Epic Games & Nvidia: GeForce Now brings Fortnite Mobile back to Apple iOS

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A year and a half ago, Fortnite was removed from the App Store due to a legal dispute with Apple. According to Apple, Fortnite will only be reintroduced to the store after the legal dispute has ended – that could take years. Now the “mobile version” is available via GeForce Now. ComputerBase tried it.

Fortnite over GeForce Now: Necessity is the power of invention

There is now another way for iOS and iPadOS users to play the Battle Royale title on their mobile devices. However, not as a native app directly from the App Store, but with detours through Nvidia's cloud gaming service GeForce Now (test). It's been a closed beta for a long time, with 500,000 users participating according to Nvidia, but now anyone can.

This is how Fortnite comes to iOS via GFN

First, Apple users have to use the web browser Safari to access the Visit the GeForce Now website and drag the page to the home screen as a progressive web app. Then Fortnite can be streamed from Nvidia servers via Safari, because there is no iOS app yet.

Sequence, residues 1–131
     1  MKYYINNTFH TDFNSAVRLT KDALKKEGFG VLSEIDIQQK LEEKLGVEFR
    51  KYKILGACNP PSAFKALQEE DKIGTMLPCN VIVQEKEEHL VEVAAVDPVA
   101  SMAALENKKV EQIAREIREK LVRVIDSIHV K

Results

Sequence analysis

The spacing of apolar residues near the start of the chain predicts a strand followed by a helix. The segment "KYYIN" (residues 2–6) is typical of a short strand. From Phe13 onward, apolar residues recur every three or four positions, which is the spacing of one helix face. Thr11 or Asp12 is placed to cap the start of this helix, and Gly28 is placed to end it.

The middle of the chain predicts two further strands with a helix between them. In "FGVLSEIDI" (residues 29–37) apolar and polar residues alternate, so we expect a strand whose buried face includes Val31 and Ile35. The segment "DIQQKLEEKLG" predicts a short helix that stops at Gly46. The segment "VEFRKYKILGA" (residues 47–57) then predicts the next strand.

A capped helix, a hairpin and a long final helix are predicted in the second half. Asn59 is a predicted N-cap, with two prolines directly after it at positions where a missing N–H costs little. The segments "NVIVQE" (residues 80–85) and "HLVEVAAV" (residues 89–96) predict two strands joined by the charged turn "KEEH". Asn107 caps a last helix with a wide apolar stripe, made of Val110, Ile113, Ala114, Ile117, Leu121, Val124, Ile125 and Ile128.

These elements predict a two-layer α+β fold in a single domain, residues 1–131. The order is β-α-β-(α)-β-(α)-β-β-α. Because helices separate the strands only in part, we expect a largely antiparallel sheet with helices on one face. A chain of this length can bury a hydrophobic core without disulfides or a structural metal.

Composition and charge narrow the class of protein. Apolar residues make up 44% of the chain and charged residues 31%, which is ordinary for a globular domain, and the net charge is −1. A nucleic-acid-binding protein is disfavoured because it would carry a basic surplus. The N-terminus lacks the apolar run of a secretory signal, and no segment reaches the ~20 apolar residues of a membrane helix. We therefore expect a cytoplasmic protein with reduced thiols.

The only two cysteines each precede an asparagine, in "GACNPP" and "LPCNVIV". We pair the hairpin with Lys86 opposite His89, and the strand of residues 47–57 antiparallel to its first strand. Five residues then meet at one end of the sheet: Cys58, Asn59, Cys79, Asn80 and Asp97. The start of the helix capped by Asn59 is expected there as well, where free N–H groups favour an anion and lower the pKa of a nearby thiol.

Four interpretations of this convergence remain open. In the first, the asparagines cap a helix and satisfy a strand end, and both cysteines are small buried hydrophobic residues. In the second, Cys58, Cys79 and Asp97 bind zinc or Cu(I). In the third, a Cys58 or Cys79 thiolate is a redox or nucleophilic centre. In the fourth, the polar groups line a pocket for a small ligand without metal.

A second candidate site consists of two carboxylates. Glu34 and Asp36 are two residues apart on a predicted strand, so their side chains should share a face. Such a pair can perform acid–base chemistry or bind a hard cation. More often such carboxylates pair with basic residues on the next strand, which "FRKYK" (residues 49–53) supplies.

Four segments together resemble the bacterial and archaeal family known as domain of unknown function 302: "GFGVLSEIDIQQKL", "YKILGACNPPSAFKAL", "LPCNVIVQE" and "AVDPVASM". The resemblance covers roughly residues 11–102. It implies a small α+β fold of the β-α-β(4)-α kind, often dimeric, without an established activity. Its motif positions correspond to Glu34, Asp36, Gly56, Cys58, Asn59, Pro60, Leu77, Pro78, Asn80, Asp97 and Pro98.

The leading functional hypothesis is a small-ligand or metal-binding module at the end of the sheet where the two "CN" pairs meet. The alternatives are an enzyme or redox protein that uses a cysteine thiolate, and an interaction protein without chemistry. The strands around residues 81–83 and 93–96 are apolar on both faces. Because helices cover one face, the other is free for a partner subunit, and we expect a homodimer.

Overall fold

Play Fortnite on iPhone via GeForce Now
The implementation is done via a progressive web app
The implementation takes place via a progressive web app

Requirements for playing Fortnite on GeForce Now are an Nvidia account and a GeForce Now membership – a free one is also sufficient. Once in the app, you select Fortnite and tap on “Play”, the game loads. When streaming the game, depending on your internet connection, there may be fluctuations in latency, which in turn can cause lag.

The three tariffs at Nvidia GeForce Now (Image: Nvidia )

Streaming also on Android

Android users have only been able to play the desktop version via the cloud gaming provider so far, but the Fortnite mobile app without streaming was also available to Android users. Although Google also removed Fortnite from the Play Store, the game can be downloaded directly from the Epic website and installed natively on the Android device. At the same time as the mobile version for iOS is released, it will also be available to Android users, as Nvidia notes.